Cyber Security and Commercial Shipping

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(Image Courtesy: KVH Industries)

In today’s technological environment, there is a shift towards making the world more connected. Because of an increase in networks being intertwined, there have been significant gains in capabilities for a variety of industries to operate efficiently. One area that has seen this directly is the maritime industry. Up to now, there are autonomous containers, trucks, and cranes. In the not too distant future, there will be autonomous ships. Running side by side to this transformation of the maritime industry is an increase in vulnerabilities that can be infiltrated. For this reason, there needs to be a discussion of how commercial shipping can avoid being easily penetrable to cyber attacks.

Commercial shipping has just begun to obtain the benefits that come from what digitalization can offer. Digital momentum has increased, which makes many devices vulnerable to launch attacks. In addition, it’s important to consider the fact that firmware can be influenced by cybercriminals and it has little to do with their technical know-how and skill level. In other words, hackers have easy access to offensive cyber capabilities, such as ransomware and DDoS.

There are many obvious ways hackers are able to obtain vulnerabilities. First of all, the systems are interconnected, not just within one structure but also through the networks of outside vendors and service providers. Which means that organizations have no control over the cybersecurity of those independent parties. On the other hand, it’s very difficult to have impenetrable protections. The most effective way to mitigate cyber threats is to use state-of-the-art technology that can be updated more frequently.

Another issue is the lack of importance shipowners, managers, and corporations have with cybersecurity on the port. Most personnel in the industry are considered laggards when it comes to adapting to the internet of things (IoT) technology. IoT devices in the maritime industry consist of connecting the onboard systems to the seaport in order to gather data, reducing fuel consumption, improving regulation compliance, and enhancing navigational safety. Corporations have to comprehend that their firmware is easily penetrable. If the routers and cameras they have are out-of-date, the hacker will have no problem infiltrating the firmware. The exploitation paths for old firmware can be easily found by simply just searching it on google. If the firmware is new and can be updated more frequent, the hacker will have much more difficulty breaking in.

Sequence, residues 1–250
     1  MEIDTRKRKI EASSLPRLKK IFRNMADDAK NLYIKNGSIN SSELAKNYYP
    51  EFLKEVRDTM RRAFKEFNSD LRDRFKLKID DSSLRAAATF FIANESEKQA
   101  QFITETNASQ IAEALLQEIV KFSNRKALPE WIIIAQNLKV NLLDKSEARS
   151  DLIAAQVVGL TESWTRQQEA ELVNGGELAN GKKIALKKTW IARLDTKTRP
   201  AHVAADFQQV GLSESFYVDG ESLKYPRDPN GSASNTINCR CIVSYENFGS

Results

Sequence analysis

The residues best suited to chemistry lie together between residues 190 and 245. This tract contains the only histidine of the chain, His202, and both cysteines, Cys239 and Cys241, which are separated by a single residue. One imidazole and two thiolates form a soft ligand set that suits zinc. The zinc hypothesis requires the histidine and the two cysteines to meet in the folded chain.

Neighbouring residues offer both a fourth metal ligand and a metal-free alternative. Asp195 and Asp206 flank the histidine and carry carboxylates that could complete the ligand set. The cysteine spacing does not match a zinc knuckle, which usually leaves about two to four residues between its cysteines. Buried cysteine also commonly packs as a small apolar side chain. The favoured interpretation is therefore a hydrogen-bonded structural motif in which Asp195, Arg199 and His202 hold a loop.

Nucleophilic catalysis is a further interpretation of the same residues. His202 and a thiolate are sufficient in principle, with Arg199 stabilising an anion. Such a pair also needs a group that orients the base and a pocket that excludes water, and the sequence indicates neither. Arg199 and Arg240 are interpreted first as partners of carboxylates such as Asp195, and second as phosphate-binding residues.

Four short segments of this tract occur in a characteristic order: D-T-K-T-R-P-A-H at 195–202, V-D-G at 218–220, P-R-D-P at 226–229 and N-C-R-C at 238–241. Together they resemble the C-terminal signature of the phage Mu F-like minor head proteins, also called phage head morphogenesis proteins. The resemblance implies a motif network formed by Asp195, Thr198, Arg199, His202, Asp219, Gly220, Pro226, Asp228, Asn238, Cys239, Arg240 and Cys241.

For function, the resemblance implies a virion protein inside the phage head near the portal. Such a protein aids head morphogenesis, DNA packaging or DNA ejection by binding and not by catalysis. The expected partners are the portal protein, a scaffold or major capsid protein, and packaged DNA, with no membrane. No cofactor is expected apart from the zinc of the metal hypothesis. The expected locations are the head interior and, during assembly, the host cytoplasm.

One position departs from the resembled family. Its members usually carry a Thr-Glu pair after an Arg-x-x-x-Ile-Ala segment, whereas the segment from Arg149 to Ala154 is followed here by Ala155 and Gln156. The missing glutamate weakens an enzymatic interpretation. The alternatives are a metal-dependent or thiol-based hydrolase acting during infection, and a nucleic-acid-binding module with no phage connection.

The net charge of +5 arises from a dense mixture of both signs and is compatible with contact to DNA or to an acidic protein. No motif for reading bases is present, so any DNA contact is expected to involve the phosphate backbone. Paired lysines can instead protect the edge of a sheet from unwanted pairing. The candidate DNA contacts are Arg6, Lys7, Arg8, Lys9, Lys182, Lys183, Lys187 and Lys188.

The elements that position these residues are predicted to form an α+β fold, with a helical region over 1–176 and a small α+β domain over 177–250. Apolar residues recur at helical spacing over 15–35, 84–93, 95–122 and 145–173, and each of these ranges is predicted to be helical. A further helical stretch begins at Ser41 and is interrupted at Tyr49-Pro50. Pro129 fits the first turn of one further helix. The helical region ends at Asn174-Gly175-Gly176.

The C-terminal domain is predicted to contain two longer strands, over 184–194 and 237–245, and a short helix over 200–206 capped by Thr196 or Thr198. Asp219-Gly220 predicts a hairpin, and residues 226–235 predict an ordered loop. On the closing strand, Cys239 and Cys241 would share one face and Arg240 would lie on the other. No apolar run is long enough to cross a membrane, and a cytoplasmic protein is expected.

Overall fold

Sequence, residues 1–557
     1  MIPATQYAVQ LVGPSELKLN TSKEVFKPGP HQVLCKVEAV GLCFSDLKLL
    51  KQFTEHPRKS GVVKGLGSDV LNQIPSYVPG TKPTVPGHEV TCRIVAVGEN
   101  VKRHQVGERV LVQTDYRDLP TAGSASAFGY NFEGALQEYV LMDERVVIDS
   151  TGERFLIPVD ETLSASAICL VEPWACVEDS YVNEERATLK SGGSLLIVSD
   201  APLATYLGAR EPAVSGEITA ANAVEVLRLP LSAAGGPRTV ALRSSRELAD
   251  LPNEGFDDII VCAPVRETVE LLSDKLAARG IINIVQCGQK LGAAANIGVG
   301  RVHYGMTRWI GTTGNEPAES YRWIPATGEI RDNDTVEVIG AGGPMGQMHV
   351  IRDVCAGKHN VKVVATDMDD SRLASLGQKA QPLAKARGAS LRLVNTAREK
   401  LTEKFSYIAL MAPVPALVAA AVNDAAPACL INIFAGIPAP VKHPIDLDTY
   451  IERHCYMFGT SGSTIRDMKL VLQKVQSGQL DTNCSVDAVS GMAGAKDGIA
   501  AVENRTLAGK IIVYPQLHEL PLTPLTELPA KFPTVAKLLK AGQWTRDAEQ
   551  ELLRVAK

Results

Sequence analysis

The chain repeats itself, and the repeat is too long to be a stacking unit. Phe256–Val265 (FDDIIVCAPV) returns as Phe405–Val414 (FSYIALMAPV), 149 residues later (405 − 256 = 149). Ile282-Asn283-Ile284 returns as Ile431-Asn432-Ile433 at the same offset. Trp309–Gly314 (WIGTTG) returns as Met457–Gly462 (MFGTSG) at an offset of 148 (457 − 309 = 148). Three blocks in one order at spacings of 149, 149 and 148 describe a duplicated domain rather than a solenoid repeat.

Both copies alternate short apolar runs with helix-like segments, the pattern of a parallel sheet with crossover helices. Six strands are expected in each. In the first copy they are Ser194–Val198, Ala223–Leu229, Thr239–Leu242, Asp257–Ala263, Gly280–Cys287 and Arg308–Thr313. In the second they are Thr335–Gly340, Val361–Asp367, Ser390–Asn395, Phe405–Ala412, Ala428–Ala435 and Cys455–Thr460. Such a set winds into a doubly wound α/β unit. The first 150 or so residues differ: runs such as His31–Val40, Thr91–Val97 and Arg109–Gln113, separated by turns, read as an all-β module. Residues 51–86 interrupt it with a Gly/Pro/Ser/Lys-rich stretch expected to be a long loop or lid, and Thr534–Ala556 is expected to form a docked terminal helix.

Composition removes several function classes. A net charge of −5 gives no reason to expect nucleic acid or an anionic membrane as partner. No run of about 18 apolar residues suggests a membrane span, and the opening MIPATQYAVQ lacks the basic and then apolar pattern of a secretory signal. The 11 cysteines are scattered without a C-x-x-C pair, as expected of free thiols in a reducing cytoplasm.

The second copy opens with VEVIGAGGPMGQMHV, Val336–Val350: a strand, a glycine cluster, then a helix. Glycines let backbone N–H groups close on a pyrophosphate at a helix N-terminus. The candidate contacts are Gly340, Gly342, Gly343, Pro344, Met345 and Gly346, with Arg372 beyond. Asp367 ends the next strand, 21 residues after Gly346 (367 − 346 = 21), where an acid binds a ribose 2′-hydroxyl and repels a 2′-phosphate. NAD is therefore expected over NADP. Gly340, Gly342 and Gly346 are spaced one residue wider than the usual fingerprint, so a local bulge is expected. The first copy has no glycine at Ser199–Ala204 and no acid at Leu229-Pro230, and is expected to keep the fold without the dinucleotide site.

As a result of the expanding threat of cyberattacks, there needs to be a way to be one step ahead of the hackers. The obvious answer would be to continuously buy new firmware every couple of years so that the hacker won’t have access to any exploitation paths available to him. But is that practical? Based on recent trends in the industry, ship owners and corporations don’t seem willing to adapt and pay for their security. Additionally, the owners don’t have ownership of all the connected devices at the port. Even though they’re IoT devices may not be out-of-date, there might be someone’s device that is, which makes their network at risk.

“Fortunately, ArcusTeam plans to come up with a solution to the threat in the maritime industry. Their digital platform will act as a centralized tool for all the vendors’ connected devices. The platform will have the ability to constantly assess each firmware and conclude if there are any vulnerabilities in that device. This solution will effectively save vendors money because it will allow them to gain awareness of which devices can and cannot be exploited,” said Brian Schneiderman, a member of the Business Development team of ArcusTeam.

(This article has been contributed exclusively for Sea News by ArcusTeam)

Sea News Feature, June 20